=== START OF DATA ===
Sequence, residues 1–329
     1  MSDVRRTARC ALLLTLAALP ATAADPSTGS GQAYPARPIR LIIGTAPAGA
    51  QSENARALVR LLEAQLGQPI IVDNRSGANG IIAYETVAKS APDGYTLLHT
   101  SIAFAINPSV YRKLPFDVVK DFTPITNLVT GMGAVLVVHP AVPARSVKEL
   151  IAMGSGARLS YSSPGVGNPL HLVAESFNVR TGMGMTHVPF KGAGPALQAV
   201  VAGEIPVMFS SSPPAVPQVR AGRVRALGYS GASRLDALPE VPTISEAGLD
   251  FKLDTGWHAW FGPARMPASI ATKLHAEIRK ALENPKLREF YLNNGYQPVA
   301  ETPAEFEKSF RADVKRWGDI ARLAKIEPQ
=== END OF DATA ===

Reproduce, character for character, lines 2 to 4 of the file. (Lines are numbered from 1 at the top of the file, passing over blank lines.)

     1  MSDVRRTARC ALLLTLAALP ATAADPSTGS GQAYPARPIR LIIGTAPAGA
    51  QSENARALVR LLEAQLGQPI IVDNRSGANG IIAYETVAKS APDGYTLLHT
   101  SIAFAINPSV YRKLPFDVVK DFTPITNLVT GMGAVLVVHP AVPARSVKEL